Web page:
Dearman was charged with manufacturing a controlled substance. Before trial he moved to suppress the evidence seized from the garage, arguing that police may not use illegally obtained information as a basis for a search warrant. The trial court found that police were lawfully on the premises and had a reasonable suspicion, but not probable cause, to believe that marijuana was present. It also found that police had a legitimate investigative reason to be on the premises which did not end when they learned no one was home. But the court concluded a narcotics dog is a sense enhancing device within the meaning of State v. Young and therefore a search warrant was required. Because police did not have a warrant before they used Corky, the court granted Dearman's motion to suppress. The practical effect of its decision was to terminate the case.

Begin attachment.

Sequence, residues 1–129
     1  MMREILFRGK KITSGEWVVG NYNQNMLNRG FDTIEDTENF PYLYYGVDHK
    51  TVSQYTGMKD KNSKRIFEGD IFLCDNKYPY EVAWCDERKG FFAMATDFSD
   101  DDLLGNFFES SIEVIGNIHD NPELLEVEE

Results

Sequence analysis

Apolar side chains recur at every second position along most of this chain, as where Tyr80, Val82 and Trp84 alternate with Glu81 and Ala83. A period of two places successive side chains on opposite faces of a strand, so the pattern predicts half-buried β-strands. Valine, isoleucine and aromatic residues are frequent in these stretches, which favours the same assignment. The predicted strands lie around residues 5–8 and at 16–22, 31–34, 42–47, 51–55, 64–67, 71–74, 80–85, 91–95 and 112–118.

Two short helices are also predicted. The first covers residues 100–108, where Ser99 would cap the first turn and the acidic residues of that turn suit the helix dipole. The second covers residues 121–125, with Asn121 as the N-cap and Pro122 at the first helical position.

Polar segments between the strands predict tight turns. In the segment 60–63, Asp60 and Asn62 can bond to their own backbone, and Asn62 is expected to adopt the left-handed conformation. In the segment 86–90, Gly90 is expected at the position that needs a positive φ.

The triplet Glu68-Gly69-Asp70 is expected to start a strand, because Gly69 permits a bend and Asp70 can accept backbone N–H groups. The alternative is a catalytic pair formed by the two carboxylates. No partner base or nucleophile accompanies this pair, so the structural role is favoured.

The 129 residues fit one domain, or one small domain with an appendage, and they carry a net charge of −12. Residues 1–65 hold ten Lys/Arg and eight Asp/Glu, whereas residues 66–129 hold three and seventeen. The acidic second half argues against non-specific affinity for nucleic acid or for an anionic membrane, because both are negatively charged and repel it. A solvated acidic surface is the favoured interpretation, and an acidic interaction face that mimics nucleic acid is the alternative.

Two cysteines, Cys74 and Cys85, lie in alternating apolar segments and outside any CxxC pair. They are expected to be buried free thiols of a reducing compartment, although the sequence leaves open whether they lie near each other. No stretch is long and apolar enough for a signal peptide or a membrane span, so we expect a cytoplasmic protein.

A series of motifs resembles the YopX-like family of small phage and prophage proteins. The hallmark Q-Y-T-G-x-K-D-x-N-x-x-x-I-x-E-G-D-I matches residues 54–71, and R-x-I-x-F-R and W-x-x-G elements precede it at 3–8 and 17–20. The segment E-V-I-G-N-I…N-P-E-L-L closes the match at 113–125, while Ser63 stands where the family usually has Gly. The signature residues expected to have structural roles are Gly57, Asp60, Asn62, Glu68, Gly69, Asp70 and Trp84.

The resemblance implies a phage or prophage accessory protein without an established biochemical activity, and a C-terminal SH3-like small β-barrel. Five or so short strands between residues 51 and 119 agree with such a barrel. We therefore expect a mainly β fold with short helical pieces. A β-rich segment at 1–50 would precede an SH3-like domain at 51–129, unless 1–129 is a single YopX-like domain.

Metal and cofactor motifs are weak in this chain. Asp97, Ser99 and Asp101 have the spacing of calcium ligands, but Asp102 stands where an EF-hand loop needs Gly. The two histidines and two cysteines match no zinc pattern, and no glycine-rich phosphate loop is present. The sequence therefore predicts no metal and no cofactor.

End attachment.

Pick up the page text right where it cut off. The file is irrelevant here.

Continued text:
The State does not challenge this finding.